When purchasing vegetables from a store or farmer's market, most people don't think beyond their intended use (e.g. tomatoes for sauce, carrots for a salad) and why would they? You buy, you cook, and you eat. But, no matter how frugal of a cook you may be, there are always scraps. If you are a conscientious and responsible cook, you likely compost those bits of ginger and ends of celery - or maybe create vegetable stock. However, for the super resourceful, there is a way to stretch your food (and food dollar a bit further).
Items like leeks, scallions, and even celery and ginger can be cultivated from the scraps you would most likely toss. A recent post on Wake Up World revealed the hidden (and marvelously thrifty) world of stretching your garden dollar. Did you know that you could re-grow a garlic plant from a single clove planted root-end down? And did you know that potatoes, as well as sweet potatoes, can easily be grown from a whole (or part of a) potato that has begun to sprout? Well these sorts of kitchen hacks are doable, and for the most part easy. Here are a few that are worth noting (as well as doing):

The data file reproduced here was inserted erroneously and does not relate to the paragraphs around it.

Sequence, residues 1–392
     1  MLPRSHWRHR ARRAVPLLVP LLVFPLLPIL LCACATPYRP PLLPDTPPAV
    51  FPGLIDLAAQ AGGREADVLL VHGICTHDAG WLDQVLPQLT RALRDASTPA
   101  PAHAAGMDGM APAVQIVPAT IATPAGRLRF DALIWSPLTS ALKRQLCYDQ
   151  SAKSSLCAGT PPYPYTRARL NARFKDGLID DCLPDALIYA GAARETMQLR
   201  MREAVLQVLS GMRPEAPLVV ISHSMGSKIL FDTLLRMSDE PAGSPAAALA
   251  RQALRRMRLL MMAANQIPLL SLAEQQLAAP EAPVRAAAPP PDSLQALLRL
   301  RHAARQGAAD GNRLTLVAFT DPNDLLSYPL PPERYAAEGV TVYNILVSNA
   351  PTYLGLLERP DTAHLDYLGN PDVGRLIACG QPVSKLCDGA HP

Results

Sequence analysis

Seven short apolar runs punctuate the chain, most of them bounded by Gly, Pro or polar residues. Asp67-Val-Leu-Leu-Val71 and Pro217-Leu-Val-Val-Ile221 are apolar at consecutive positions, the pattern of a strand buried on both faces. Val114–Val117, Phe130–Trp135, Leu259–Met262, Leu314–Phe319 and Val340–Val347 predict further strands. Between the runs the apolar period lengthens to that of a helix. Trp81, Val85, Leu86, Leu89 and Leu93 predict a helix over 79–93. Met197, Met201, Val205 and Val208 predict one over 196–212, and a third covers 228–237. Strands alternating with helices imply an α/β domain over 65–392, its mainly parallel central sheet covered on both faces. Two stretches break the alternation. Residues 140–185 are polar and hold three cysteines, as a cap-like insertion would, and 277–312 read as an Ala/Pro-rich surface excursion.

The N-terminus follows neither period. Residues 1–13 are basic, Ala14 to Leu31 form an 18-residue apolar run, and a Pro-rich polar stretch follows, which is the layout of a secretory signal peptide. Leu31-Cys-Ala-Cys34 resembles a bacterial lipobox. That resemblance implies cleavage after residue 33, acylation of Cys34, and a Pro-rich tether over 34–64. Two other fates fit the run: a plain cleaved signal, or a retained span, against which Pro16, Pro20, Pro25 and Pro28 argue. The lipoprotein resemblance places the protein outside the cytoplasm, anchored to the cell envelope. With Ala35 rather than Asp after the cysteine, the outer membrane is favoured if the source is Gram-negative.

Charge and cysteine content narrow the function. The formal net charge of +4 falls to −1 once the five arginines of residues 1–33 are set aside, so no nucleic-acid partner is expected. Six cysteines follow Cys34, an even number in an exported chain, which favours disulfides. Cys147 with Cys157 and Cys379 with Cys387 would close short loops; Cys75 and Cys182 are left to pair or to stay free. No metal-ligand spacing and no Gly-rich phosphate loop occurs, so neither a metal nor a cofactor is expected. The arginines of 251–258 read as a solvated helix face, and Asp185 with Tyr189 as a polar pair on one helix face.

This will re-grow from the white root end of the plant. Once you cut off the stalk of the celery, simply place the root end in a bowl of shallow water. Keep moist and place in a window that gets some sun. After about a week or so you will start to see new roots and leaves form. Once roots have made a showing, plant in soil and you should have a whole new celery head in a few weeks. This same technique works for bok choi, cabbage, and romaine lettuce.
By Eric Steinman
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